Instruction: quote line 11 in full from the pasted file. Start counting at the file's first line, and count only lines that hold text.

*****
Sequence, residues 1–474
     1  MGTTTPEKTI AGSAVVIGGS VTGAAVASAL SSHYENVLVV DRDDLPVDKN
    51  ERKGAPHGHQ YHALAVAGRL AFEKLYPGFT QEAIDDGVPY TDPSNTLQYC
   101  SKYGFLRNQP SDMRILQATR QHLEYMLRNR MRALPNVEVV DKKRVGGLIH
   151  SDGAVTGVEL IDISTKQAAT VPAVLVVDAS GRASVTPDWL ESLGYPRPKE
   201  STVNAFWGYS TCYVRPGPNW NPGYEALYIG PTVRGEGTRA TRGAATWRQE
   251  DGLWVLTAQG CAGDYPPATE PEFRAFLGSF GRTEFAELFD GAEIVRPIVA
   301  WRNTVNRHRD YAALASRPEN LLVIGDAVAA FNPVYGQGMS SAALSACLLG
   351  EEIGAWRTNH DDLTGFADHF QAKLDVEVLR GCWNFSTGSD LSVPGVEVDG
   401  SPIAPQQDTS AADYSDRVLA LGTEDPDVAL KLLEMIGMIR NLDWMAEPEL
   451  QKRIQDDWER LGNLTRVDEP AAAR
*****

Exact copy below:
   451  QKRIQDDWER LGNLTRVDEP AAAR